If a condition progresses to the next severity level, we’re talking about moderate scoliosis, which tends to be when symptoms become more noticeable.
Cobb angle measurements of between 25 and 40 degrees are classified as moderate scoliosis, and for patients receiving traditional treatment, the only form of treatment applied is traditional bracing.
Bracing for scoliosis can be an effective facet of treatment, but only when combined with other forms of treatment so the condition is impacted on multiple levels.
The most common type of traditional scoliosis brace used is the Boston brace, which is associated with a number of shortfalls:
Fortunately, just as there are different approaches to scoliosis treatment that offer patients different potential results, there are also multiple bracing options.
For adolescents receiving functional treatment for their scoliosis, we are talking about combining multiple treatment modalities to impact scoliosis on every level.
As a CLEAR-certified scoliosis chiropractor, I see a lot of patients with moderate scoliosis because, as mentioned, this is when symptoms, like postural changes, tend to become noticeable, leading to a diagnosis and treatment.
Common postural symptoms of AIS include uneven shoulders, hips, and the development of a rib arch.
As scoliosis is a structural spinal condition, first and foremost, effective treatment has to impact it on a structural level.
With condition-specific chiropractic care, I can apply chiropractic adjustments to the curve’s most-tilted vertebrae and work towards repositioning them back into alignment with the rest of the spine: restoring as much of the spine’s natural curves as possible.
Through applying a variety of therapies and custom-prescribed scoliosis-specific exercises, I can help patients increase their core strength so the spine is optimally supported and stabilized by its surrounding muscles.
In addition, SSEs can activate certain areas of the brain for enhanced brain-body communication, postural remodeling, and improved body positioning.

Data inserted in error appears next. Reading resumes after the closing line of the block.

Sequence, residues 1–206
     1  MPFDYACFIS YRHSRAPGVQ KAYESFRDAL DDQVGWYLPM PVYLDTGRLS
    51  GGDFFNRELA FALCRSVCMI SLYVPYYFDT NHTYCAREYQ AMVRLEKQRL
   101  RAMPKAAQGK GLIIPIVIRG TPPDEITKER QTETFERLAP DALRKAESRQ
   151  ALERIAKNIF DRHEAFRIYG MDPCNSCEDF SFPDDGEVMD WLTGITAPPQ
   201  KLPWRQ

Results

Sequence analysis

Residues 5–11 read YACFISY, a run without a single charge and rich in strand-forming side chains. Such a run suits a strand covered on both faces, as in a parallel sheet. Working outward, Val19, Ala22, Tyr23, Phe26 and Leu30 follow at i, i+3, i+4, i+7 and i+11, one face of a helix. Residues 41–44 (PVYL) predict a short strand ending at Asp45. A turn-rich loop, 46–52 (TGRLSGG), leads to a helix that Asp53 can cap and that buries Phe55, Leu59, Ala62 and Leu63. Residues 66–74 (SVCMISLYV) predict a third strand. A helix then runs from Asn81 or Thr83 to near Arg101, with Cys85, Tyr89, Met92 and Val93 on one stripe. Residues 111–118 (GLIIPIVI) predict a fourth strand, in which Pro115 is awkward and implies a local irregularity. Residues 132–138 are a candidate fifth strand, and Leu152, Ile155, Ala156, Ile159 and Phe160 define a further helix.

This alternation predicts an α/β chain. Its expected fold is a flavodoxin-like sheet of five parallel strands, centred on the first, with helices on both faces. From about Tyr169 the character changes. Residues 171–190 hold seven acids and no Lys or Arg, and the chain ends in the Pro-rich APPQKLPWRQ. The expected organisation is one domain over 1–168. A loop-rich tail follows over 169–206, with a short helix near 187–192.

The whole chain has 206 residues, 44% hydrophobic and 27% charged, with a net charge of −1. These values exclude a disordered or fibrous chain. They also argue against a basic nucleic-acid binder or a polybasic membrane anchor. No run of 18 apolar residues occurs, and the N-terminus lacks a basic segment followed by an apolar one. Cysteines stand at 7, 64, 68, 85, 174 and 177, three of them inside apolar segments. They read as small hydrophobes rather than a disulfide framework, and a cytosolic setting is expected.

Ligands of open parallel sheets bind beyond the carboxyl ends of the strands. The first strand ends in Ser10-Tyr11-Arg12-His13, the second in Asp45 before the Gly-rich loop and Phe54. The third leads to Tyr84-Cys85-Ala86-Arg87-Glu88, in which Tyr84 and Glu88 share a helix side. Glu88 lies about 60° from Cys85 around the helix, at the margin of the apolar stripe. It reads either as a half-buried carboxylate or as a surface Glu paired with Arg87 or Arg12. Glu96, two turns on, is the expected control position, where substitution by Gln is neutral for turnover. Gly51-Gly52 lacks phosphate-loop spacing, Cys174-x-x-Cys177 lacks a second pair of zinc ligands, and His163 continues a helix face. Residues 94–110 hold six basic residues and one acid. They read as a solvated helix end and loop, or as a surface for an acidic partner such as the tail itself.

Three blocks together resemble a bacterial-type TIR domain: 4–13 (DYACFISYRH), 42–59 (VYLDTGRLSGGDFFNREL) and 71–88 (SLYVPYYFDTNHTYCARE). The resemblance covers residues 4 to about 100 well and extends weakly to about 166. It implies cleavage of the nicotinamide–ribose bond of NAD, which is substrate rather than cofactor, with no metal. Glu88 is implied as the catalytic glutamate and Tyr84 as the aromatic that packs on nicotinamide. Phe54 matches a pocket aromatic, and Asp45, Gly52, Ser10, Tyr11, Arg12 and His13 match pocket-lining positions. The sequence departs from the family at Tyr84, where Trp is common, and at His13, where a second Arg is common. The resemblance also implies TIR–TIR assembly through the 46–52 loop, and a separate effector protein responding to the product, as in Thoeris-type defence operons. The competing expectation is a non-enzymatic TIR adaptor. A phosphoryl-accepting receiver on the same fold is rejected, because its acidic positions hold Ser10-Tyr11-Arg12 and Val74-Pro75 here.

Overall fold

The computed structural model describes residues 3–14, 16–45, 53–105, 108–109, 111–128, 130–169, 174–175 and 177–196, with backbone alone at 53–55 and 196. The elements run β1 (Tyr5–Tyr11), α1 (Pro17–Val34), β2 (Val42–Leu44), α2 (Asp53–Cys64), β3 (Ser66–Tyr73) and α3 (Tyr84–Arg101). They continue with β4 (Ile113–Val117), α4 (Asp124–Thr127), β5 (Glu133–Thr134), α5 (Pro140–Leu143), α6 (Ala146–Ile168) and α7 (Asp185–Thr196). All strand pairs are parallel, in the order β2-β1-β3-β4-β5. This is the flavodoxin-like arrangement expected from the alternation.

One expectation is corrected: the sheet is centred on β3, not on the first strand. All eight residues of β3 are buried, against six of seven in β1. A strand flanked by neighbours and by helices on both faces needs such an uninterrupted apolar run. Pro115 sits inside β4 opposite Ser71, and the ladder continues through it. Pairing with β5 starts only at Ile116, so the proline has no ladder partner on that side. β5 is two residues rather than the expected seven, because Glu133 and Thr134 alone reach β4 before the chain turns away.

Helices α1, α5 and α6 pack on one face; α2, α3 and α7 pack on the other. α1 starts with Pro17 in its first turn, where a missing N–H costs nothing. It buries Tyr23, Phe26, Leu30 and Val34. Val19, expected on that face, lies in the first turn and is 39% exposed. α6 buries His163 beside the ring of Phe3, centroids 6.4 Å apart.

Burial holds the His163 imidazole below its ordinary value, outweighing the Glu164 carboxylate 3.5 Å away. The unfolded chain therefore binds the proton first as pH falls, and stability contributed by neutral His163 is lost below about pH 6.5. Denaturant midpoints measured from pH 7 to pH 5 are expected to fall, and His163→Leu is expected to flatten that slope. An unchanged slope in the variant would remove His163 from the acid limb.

At the moderate level, I want to proactively treat conditions to prevent progressing into the severe classification level to avoid escalating symptoms and the need for more invasive treatment in the future: spinal fusion surgery.
If a patient’s Cobb angle increases into the 40+ range, this is the severe classification and is approaching the surgical-level threshold.
At the 40+ curvature-degree level, we’re talking about severe scoliosis, and for those undergoing traditional treatment, monitoring continues, bracing is likely to continue, and if unsuccessful at stopping further progression, the surgical-level threshold is crossed.
In many cases, this is when patients are funneled toward spinal fusion surgery.
While all surgeries come with their share of risks, spinal fusion is a complex, lengthy, and invasive procedure that carries some heavy potential risks and side effects:
While spinal fusion has its place in scoliosis treatment, the reality is that many cases can be treated nonsurgically.
If a patient comes to me with severe scoliosis and is wanting to forego a surgical recommendation in favor of trying a safer, more natural, less-invasive treatment option first, the focus is on stabilizing the spine and reducing the curve by integrating chiropractic adjustments, homes exercises, rehab, and corrective bracing.
To meet my patients’ bracing needs, I opt for the modern ultra-corrective ScoliBrace because it represents the culmination of what we’ve learned about the condition over the years, and how it responds to treatment.
The ScoliBrace addresses many of the shortcomings associated with the traditional Boston brace:
When combined with other forms of scoliosis-specific treatment disciplines, the ScoliBrace can augment corrective results by helping to stabilize and support the spine, while holding it in a corrective position.
At this level, we work towards reducing a curve below the surgical-threshold level to avoid the need for spinal fusion.
Part of the reason scoliosis is so often deemed a complex condition is in addition to its multiple condition types, there are also different severity levels.
The accompanying scoliosis degrees chart shows how highly variable the condition can be, ranging from mild to moderate and severe.
As a CLEAR-certified scoliosis chiropractor, I follow the CLEAR Scoliosis Institute’s treatment protocols which involves a proactive and functional treatment approach with the end goal of correction on a structural level, while preserving as much of the spine’s natural function as possible.
The traditional scoliosis treatment approach is more reactive than proactive and tends to funnel patients towards spinal fusion surgery, which has its share of potential risks and side effects.
The important thing for patients, and their families, to understand is that different scoliosis treatment approaches offer different potential outcomes, and awareness of the differences can set patients on the right path in terms of treatment outcome.